Partie 3/3:

Paperwork AKA Contracts, Specs, Documents, and Milestones

Paperwork is usually the least thrilling part of development, but usually also the most critical. Well-documented work is the only concrete thing everyone can rely on to get the job done right.

There are four main components at play here, all of them equally relevant:

  • Most contractual considerations are taken care of by the lawyers, but it is important to be aware of these items.
     
    For example, make sure Non-Disclosure Agreements are in-place; define who has the final say in whether an asset delivered meets the requirements of the work; what happens when one side fails to meet their obligations; what are the terms of payment, and so on.
  • The work specification, generally provided by the developer, is the blueprint, recipe, and wish-list for the assets to be provided. The depth and clarity of the Spec are the primary resources for the outsourcer; write a quick and sloppy Spec, and you'll almost certainly get the same result back.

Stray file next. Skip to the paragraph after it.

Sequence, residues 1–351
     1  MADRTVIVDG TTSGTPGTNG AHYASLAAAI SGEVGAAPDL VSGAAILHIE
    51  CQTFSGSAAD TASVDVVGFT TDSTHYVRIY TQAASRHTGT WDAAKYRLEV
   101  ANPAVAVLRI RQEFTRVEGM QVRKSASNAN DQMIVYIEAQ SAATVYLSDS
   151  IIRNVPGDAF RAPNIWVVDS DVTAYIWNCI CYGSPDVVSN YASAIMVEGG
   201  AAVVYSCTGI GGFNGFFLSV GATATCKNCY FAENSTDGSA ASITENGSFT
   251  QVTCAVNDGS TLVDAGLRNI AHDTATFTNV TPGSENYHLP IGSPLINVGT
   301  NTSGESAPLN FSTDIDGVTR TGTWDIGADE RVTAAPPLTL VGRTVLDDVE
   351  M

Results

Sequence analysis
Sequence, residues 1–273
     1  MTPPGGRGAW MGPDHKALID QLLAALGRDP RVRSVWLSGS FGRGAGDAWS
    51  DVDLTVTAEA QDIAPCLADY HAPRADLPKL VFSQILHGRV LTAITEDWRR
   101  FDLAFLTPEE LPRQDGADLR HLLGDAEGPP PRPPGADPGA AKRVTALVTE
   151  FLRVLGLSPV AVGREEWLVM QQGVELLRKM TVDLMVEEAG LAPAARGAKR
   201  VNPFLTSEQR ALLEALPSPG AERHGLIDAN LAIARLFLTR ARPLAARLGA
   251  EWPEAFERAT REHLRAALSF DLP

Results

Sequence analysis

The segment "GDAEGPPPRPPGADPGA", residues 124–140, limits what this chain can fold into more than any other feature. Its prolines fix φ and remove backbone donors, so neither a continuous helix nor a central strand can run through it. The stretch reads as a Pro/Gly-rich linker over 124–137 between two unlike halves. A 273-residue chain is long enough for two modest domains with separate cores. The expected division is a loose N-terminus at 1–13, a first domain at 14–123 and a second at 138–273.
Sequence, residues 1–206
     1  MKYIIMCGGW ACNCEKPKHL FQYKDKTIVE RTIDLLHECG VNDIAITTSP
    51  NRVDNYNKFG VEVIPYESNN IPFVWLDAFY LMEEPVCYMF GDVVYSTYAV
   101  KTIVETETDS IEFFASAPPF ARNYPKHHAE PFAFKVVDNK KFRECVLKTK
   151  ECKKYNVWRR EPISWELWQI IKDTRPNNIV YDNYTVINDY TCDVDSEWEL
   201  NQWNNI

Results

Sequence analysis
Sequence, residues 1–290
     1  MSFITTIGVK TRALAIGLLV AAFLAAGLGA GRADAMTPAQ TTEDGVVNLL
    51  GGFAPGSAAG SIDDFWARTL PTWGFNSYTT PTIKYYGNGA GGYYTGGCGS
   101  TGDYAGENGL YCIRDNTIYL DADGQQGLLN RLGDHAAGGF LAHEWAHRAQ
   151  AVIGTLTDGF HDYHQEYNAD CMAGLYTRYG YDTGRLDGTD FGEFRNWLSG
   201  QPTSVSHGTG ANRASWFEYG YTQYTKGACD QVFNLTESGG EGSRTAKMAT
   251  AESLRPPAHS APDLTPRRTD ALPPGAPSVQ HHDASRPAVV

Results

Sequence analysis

Descriptions, annotations, and examples will be a boon for the person on the other end implementing your Spec. Don't assume the outsourcer "knows" a certain model has a polygon budget of X, because it's to be implemented in Area Y. Quantify whenever possible.
  • Documentation, in this case, primarily falls into the arena of asset tracking. Spec delivered? Check. First Pass asset delivered? Check. First Pass Feedback delivered to Outsourcer? Check. And so on. This document should be organic, and shared by developer and outsourcer, in order to provide total transparency. Any red flags are then obvious to both parties.
  • Developers live and die by milestones, so it is important to set up a milestone delivery schedule that works well for both parties. The developer almost certainly is already working off of a pre-existing milestone schedule, so integrating the outsourcing into that schedule, and by extension, the development pipeline, is paramount.
     
    A code/asset drop from an outsourcer two days before a developer milestone is due just won't work. Provide ample, and realistic, time to integrate assets into the game, especially for the first for the first few deliverables from the outsourcer.
The devil is in the details. With all of the above, there are still a staggering number of minor items that will come up. Manage expectations, prepare documentation, foster good communications, and frequently revisit your assumptions. Nothing ever goes as planned, including the plans themselves.